- 03-08-2009, 06:31 PM
- 03-08-2009, 09:10 PM
google it buddy. it has so many effects its too long to type it all. HOWEVER to sum it up, it kicks ass!
03-08-2009, 09:15 PM
03-08-2009, 09:20 PM
Check this out: http://evidencebasedfitness.blogspot...a-alanine.html
Why I'm not writing about beta-alanine lately
"I've had a more than a few requests to write more reviews on beta-alanine, since it seems to be all the rage. It is so much the rage lately, that I get more hits on my reviews of the three beta-alanine studies than anything else, by a very large margin. The reviews have been linked by so many people that this blog is on the third page of a Google search for the term "beta alanine" (and this search includes hits from ALL of the supplement sites that SELL beta-alanine), and the FIRST hit when you search Google for "beta alanine studies". The. First. Hit. Holy. Crap.
However, I haven't been writing on beta-alanine for a few reasons:
1) This isn't the beta-alanine blog. There are other studies to review, and apart from reviewing for content, I like to review studies that also highlight particular common methodological mistakes, or, ones that highlight particular methodological strengths to build on the fact that good research in fitness IS possible (if we should just line up all the strengths seen in multiple studies into a single study).
2) I don't want to seem like I'm attacking the work of a single research group. Most of the beta-alanine studies come out of a small number of research centres. The authors of these studies often overlap with one another, or come up repetitively. What I did with the three reviews was pick out the ones that I thought would have the most relevance with respect to generalizability to the largest number of people, or would be considered foundational studies. To continue to review each and every beta-alanine study (which I have been challenged to do) makes it seem like I'm malicious towards people who are probably very nice and respectable.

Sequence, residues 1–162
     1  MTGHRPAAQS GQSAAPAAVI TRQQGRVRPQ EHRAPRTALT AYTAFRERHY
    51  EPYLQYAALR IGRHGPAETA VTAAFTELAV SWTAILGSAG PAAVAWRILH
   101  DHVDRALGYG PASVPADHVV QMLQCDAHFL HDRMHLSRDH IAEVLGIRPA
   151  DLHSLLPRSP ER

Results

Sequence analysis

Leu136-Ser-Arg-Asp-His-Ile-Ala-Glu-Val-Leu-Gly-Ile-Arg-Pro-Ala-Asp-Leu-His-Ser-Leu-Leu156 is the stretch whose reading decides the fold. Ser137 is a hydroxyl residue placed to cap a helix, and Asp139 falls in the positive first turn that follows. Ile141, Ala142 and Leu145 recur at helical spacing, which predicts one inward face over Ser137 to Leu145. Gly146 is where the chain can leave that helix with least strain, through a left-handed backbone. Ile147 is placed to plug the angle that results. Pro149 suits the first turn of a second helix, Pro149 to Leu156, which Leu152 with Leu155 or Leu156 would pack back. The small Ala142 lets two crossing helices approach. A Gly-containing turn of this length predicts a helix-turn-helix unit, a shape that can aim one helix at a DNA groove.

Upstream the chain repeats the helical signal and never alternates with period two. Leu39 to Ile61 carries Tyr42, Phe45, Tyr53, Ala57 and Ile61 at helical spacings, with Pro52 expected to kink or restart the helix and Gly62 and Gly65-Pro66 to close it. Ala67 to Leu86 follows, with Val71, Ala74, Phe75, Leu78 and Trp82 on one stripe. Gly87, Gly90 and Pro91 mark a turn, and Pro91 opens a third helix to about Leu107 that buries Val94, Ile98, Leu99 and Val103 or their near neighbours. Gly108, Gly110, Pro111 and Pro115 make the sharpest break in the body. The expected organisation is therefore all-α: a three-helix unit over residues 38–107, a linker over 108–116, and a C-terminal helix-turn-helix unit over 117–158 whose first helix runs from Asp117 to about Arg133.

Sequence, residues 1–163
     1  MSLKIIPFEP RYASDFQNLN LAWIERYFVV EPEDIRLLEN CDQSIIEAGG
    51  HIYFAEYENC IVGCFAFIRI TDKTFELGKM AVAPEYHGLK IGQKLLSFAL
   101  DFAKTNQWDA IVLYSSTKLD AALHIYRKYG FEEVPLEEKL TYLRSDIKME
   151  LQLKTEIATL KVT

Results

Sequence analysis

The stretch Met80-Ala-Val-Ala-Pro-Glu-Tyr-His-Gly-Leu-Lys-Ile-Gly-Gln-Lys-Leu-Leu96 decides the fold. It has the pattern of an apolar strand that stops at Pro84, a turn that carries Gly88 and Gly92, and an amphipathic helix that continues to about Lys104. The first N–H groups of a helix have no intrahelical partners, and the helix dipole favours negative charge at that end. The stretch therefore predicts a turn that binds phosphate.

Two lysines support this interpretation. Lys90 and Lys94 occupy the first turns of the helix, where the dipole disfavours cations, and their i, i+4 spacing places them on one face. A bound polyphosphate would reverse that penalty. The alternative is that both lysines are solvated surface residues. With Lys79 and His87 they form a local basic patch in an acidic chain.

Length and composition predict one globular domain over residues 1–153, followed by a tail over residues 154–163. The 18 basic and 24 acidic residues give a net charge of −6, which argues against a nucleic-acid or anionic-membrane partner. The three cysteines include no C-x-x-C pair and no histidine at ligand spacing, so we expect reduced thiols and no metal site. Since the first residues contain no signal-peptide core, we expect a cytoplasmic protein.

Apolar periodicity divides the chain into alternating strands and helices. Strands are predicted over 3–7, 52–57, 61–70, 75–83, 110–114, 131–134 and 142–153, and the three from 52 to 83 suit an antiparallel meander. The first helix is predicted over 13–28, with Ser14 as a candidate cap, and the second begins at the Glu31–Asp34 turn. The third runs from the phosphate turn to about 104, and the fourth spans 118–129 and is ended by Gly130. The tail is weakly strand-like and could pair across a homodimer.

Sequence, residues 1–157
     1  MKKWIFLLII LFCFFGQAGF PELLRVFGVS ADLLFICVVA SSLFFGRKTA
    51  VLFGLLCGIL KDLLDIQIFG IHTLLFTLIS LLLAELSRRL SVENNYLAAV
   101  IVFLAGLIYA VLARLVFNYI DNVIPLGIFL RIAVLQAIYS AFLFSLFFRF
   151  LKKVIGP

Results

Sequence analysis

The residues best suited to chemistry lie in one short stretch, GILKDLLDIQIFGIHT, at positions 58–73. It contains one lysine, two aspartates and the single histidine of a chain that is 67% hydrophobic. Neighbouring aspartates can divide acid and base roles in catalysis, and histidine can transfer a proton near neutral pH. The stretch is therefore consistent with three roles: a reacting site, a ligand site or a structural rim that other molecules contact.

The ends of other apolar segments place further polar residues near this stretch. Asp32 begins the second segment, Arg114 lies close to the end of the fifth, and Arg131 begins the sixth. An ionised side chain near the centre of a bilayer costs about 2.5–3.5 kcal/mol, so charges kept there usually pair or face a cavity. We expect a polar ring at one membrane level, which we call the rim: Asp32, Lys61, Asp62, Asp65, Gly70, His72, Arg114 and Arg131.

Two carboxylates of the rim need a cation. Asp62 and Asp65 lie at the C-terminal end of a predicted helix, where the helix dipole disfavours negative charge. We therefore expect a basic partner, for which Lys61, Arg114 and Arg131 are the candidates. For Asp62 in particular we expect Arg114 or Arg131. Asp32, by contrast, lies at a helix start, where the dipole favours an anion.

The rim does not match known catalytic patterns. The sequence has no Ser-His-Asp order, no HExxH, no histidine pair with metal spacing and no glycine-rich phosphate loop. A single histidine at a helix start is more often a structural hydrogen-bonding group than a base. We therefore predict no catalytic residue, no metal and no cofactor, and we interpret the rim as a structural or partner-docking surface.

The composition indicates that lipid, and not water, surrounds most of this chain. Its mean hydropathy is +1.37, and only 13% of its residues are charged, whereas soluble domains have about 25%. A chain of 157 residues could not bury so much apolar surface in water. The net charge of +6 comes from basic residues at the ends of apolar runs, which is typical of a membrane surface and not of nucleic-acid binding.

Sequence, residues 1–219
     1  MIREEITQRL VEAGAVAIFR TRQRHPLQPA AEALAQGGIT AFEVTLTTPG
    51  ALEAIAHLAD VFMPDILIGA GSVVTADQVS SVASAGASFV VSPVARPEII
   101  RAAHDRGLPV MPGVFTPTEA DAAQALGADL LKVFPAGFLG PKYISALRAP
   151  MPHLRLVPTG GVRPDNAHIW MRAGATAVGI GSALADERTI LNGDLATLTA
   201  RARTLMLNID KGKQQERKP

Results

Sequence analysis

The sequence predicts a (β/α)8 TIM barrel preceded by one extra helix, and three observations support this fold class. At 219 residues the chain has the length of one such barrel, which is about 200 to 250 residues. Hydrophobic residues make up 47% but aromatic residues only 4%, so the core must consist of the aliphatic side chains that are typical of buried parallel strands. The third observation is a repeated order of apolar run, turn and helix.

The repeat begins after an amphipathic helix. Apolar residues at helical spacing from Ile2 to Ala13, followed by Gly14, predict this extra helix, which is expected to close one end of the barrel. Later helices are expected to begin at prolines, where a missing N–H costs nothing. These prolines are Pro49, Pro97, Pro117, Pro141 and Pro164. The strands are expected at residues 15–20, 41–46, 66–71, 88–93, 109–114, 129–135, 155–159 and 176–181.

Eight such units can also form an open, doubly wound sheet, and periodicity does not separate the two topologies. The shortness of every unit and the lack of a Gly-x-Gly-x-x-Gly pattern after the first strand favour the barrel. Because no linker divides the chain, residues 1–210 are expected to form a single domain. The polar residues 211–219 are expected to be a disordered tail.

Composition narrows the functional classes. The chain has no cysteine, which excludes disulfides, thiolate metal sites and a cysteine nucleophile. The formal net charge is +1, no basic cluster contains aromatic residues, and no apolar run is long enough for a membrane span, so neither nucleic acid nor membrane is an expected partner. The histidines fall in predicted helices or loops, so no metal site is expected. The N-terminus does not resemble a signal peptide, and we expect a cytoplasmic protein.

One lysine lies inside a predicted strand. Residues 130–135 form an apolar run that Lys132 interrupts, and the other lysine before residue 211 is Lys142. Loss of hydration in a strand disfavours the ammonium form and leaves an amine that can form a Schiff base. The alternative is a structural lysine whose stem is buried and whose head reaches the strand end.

3) There isn't anything in the other studies that would actually change the current level of evidence for beta-alanine supplementation from "There is inadequate evidence to support using beta-alanine," to "Beta-alanine is worth using." It seems repetitive and, frankly, a bit boring to review yet another beta-alanine study that does not add substantially to the existing body of knowledge regarding its efficacy or effectiveness. If a landmark study of higher AND sufficient quality is published, you can be sure I will definitely review it here. This has not yet happened.
Am I aware that there are new studies? Yes. However, these studies have not yet been indexed. Many of them have not yet been fully published in peer-reviewed journals. With the exception of the Trapp thesis, I generally only reviewed peer-reviewed articles. I think we all know what my feeling is on reviewing abstracts.
Am I aware that beta-alanine has been proven to increase muscle carnosine levels? Yes. However, the fact remains that DESPITE this "significant" increase in muscle carnosine levels, beta-alanine remains associated with non-meaningful (as statistically significant as they might be) changes in performance--except possibly at the highest elite level (which has not yet been adequately studied)."
Last edited by lutherblsstt; 03-08-2009 at 09:22 PM. Reason: add
03-09-2009, 01:33 AM
03-09-2009, 01:42 AM
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